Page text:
Monthly Archives: April 2011

Parents Anonymous: 12 Step Program for Parenting

I’m not a perfect mother. There, I’ve finally said it. It’s difficult to write. But, it’s even harder to admit. With this acknowledgement comes a sense of relief. A weight has been lifted from my soul. I feel as if I’m standing at the podium of a twelve-step meeting, confessing my deficiencies.

Don’t get me wrong. I’m not a horrible parent. I’m just not a great one. My children don’t come home to freshly baked cookies every afternoon. We don’t make the beds every day. Some nights, I don’t read to my sons.

In my head, I know there are no perfect guardians. The problem lies within my heart. There, lurking in the recesses of all four chambers, is a nagging, a longing, to be an ideal mother. Living in the shadow of this unobtainable objective is daunting.

Lying in bed each night, reviewing my daily transgressions, I vow that tomorrow will be flawless. Some days are. But, life is unpredictable. Children are inconstant. Regardless of my best intentions, I make mistakes.

On a typical week day morning, we juggle breakfast, lunches, backpacks, clothes, coats, and shoes in a controlled chaos. If the stars align, we manage to successfully squeak through the morn, leaving our day unscathed.

Today, we weren’t so lucky. My five-year-old son, Peter, had a series of meltdowns. It started when he couldn’t find the toy he wanted, followed by the declaration that his Spiderman shoes mysteriously disappeared. Peter’s refusal to leave the house was the tantrum culmination.

Until Peter’s outburst, life was running on schedule. As I glanced at my watch, I imagined walking into my business meeting late. Standing in the garage, seething with anger, I resisted the urge to forcibly drag him to the car. Instead, I stormed back in, retrieved the Spiderman shoes from their usual spot in the closet, and yelled at Peter in my fiercest tone.

Shrieking worked. Peter promptly scurried to the car. Deserted in the hallway, I was immediately overwhelmed by sadness. Entering the garage, I could see Peter sitting in his car seat, sullen and dejected.

I climbed into the backseat, gathered him in my arms, and apologized. As I held him in my arms, Peter proclaimed, “Mommy, you hurt my heart.” Then, Peter forgave me. His love for me is pure, innocent, and unconditional, which only made me feel worse.

Now, hours later, I sit at my desk pensive. I’ve watched enough Oprah and Dr. Phil to know I handled things poorly. My mind is on deep breaths, time outs, and all of the other parenting techniques I’ve digested through the years. Why didn’t I employ these tactics? Instead, I mimicked the very behavior I was attempting to control. Again.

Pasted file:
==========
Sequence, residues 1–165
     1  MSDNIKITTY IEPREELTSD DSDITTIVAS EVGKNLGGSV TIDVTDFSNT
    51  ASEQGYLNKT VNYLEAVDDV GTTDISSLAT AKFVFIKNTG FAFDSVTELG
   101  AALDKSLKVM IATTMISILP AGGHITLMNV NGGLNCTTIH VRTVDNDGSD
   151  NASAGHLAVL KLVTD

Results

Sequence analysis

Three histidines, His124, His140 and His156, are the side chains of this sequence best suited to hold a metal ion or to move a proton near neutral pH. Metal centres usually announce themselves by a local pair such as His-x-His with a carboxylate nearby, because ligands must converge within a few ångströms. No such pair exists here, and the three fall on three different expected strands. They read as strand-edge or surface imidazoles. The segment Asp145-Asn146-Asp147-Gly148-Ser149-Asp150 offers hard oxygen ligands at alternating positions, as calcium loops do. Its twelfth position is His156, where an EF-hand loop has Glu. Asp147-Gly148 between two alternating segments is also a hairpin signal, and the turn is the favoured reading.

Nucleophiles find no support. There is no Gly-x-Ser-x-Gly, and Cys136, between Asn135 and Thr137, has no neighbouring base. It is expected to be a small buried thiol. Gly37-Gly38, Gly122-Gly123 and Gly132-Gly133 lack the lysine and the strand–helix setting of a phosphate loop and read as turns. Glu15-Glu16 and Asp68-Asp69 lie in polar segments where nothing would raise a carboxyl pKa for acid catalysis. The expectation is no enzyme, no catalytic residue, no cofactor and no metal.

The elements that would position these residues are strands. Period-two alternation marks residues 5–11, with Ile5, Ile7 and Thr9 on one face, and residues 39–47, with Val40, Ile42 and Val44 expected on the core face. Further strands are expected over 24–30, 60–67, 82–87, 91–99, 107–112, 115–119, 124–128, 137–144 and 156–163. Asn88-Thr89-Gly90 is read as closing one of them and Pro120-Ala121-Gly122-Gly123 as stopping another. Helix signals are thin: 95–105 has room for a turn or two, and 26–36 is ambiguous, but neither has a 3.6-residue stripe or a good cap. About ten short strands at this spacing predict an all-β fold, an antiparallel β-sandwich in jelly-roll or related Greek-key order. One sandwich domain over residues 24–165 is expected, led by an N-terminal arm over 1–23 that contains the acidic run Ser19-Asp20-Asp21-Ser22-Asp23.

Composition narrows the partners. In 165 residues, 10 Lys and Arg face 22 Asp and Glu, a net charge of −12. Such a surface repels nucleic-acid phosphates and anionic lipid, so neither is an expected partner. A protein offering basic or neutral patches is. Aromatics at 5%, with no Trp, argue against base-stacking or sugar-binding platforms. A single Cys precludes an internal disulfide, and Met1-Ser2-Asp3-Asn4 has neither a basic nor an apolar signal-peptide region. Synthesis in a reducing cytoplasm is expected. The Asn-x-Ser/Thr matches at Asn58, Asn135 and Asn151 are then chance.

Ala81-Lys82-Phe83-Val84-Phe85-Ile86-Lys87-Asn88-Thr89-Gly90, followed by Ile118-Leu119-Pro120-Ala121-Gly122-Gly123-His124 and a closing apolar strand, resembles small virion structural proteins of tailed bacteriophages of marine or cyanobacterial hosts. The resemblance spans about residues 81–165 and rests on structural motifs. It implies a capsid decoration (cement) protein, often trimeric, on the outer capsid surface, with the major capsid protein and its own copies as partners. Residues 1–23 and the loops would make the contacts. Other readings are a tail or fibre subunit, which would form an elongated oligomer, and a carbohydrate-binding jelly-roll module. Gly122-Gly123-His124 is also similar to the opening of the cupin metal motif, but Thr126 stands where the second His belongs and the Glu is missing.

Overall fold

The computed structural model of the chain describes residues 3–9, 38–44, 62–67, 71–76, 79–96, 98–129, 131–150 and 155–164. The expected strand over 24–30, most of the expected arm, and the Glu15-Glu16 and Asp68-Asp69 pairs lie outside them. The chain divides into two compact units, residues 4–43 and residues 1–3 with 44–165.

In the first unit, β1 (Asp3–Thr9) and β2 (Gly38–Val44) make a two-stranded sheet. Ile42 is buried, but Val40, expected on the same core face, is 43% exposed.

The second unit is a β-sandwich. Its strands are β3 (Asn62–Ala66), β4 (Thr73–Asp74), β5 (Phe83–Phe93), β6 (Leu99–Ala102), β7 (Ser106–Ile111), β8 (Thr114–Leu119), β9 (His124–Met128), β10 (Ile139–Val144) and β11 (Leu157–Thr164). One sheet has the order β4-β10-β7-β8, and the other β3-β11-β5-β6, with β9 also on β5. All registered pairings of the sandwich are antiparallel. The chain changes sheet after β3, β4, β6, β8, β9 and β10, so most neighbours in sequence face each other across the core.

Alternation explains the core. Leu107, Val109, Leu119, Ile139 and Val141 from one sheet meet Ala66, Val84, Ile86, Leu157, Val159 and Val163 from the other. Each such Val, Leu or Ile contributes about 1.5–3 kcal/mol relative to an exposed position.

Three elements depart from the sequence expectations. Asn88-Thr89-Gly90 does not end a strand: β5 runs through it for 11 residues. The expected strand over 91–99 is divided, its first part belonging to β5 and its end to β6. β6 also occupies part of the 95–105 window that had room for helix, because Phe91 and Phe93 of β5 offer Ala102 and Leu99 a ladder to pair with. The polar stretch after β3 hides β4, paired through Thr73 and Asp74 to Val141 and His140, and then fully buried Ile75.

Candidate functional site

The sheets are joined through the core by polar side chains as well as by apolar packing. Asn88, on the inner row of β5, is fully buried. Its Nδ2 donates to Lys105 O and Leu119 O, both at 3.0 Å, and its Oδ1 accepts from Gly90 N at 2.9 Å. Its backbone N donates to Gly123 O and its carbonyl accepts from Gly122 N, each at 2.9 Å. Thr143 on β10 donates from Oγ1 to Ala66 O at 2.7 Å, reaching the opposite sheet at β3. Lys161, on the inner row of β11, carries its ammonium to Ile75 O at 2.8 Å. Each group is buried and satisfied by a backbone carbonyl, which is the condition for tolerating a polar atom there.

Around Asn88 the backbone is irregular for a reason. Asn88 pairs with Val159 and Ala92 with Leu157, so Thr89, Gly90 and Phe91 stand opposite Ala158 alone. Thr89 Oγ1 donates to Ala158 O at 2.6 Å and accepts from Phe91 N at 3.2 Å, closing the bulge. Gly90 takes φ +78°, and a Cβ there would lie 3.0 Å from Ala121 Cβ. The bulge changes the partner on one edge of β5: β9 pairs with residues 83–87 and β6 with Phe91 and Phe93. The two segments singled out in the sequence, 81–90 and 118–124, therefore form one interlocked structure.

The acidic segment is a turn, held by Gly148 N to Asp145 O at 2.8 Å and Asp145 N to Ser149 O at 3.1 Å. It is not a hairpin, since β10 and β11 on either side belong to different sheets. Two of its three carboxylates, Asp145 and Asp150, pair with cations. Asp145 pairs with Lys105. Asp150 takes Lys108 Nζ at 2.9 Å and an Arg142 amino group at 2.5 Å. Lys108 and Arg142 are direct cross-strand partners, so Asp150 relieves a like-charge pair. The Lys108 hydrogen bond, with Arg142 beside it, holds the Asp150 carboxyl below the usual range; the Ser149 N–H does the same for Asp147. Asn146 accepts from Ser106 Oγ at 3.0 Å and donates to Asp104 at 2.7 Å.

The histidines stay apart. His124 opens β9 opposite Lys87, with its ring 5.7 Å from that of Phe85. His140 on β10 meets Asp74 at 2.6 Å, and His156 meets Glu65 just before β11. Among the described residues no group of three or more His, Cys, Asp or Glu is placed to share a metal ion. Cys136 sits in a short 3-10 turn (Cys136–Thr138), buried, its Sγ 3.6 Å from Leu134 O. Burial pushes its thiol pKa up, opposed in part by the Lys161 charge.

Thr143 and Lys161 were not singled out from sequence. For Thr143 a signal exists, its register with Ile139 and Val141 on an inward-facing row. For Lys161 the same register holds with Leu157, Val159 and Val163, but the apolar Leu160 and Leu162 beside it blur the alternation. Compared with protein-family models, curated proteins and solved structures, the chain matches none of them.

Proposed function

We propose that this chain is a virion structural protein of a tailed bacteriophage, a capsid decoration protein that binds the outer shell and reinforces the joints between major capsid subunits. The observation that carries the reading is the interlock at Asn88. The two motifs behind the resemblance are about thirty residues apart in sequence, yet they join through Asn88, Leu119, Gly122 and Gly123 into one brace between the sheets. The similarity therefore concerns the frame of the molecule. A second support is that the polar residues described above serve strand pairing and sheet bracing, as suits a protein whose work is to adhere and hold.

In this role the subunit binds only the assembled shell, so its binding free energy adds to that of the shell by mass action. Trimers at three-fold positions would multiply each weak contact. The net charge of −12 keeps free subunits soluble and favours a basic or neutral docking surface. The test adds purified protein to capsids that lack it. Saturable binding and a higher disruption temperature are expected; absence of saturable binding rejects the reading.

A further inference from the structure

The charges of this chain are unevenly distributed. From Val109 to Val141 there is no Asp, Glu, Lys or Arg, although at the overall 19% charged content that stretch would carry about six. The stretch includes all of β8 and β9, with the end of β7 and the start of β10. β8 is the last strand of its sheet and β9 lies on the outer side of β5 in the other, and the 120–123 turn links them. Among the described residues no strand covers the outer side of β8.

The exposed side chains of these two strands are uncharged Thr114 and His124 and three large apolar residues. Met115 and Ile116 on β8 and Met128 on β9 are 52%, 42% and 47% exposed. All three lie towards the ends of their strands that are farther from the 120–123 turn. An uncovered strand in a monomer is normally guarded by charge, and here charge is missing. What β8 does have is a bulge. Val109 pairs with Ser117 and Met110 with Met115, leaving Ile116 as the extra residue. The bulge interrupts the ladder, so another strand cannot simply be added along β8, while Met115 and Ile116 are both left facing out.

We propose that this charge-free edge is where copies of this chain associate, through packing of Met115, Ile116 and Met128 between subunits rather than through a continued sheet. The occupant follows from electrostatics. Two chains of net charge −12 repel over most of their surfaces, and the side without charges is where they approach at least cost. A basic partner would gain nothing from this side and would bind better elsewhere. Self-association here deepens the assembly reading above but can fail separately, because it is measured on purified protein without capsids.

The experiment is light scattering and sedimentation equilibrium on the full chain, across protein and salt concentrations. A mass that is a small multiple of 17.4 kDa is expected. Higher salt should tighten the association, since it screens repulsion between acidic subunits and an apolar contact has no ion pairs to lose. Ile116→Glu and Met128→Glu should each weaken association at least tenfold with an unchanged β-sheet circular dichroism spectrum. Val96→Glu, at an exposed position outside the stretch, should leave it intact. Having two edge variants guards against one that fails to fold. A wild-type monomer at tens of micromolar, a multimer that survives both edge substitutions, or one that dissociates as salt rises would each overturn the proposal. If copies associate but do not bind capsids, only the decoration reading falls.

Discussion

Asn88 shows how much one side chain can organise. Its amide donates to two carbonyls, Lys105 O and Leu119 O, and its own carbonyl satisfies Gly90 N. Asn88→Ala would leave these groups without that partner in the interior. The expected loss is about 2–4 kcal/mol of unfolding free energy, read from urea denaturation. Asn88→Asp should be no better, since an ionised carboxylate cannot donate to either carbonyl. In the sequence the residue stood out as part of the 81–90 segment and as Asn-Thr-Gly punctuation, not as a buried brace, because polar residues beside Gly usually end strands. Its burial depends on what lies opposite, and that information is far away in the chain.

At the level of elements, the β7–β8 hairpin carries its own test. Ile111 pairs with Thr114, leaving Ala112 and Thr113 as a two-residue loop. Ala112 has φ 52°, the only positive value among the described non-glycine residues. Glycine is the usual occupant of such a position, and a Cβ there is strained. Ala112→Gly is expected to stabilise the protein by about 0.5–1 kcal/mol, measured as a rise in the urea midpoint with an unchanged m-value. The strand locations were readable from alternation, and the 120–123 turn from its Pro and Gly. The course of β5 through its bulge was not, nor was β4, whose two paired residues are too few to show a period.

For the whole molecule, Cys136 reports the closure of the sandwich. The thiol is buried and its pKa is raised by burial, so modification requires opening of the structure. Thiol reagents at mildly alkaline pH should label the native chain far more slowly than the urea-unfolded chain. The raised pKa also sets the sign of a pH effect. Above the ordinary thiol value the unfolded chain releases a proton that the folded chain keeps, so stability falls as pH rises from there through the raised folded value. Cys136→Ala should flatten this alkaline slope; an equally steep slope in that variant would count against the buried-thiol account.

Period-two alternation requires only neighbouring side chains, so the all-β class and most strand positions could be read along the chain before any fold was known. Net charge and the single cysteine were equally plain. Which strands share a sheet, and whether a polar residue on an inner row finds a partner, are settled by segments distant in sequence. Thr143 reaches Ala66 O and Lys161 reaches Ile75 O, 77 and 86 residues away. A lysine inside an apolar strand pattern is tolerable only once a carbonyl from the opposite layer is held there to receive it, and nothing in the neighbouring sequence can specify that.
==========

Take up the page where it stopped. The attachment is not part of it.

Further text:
Now what? There is no twelve-step program for poor parenting. Perhaps there should be. I’m sure there are other parents who feel as I do. Until I became a mother, I never realized the depths of unrelenting guilt. It started when my oldest son was in utero and hasn’t dissipated since.

I don’t have the answers. What I do know? I will never be a perfect custodian. For now, I hope that being a good parent, with some great moments, is enough.

A guiding principle of twelve-step organizations is to live life with a modified code of decorum. As I lie in bed this evening, I will commit myself to this pledge and strive to become a better parent. I will remind myself of Peter’s words this morning. I believe him. I did hurt his heart.

Am I being too hard on myself? Maybe, but I don’t think so. You see, in the recesses of Peter’s heart, he’s longing for me to be an ideal mother too. I can live with disappointing myself, but being a disappointment to your children is an arduous burden. Just the thought of it hurts my heart.

Privacy Policy: Protecting My Children’s Privacy in the Internet Age

Another privacy policy arrived in the mailbox today. These legal documents, created to ensure our protection, have inundated our populace. They have become commonplace, often unread or discarded. The mass dissemination of these confidentiality disclosures may be desensitizing their own relevance.

As parents, we assume responsibility for the lives of our children. By necessity, infants abdicate all rights to their caregivers instantaneously at birth. Maintaining a child’s privacy is a task no guardian should take lightly.